SORS: Machine Learning for Microarchitectural Prediction

Fecha: 14/Jun/2017 Time: 12:00


Building C6, room E106, Campus Nord

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Abstract: Cache replacement and branch prediction are two important microarchitectural prediction techniques for improving performance. We propose a data-driven approach to designing microarchitectural predictors. Through simulation, we collect traces giving detailed control-flow and memory behavior. Then use stochastic search techniques, such as genetic algorithms, to find points in a large design space of predictors that yield good accuracy on the traces. We then evaluate the predictors on held-out data.

This talk will present two techniques resulting from this methodology. In Multiperspective Branch Prediction, many features and their parameters are tuned using a genetic algorithm to yield a very accurate perceptron-based branch predictor.  Multiperspective Reuse Prediction uses the same idea for cache management. Many features of memory accesses to predict the reuse of a given memory access. The features and their parameters are chosen by a stochastic search yielding a very accurate predictor. This predictor is applied to a placement, replacement, and bypass optimization that out-performs the state of the art.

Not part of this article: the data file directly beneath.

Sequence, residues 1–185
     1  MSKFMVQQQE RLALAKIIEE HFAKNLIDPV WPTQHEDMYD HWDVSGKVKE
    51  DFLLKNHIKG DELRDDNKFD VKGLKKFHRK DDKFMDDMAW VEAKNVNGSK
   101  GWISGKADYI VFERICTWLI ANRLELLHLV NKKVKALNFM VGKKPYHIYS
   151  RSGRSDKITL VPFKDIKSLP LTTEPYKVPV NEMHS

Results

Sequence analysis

Short Bio: Daniel A. Jiménez is a Professor in the Department of Computer Science and Engineering at Texas A&M University. He was previously Assistant and later Associate Professor in the Department of Computer Science at Rutgers University, and Professor and Chair of the Department of Computer Science at The University of Texas at San Antonio. Daniel received his doctorate in Computer Sciences from the University of Texas at Austin in 2002.  He is interested in characterizing and exploiting the predictability of programs to improve microarchitecture.  He pioneered the development of neural-inspired branch predictors, which have been implemented in microprocessors from AMD, Oracle, and Samsung.  Daniel designed the neural branch predictor or the Samsung Exynos M1 which is used in the popular Samsung Galaxy S7. He is a Senior Member of the IEEE, an ACM Distinguished Scientist, and an NSF CAREER award winner. He was General Chair of IEEE HPCA in 2011 and Program Chair for IEEE HPCA in 2017.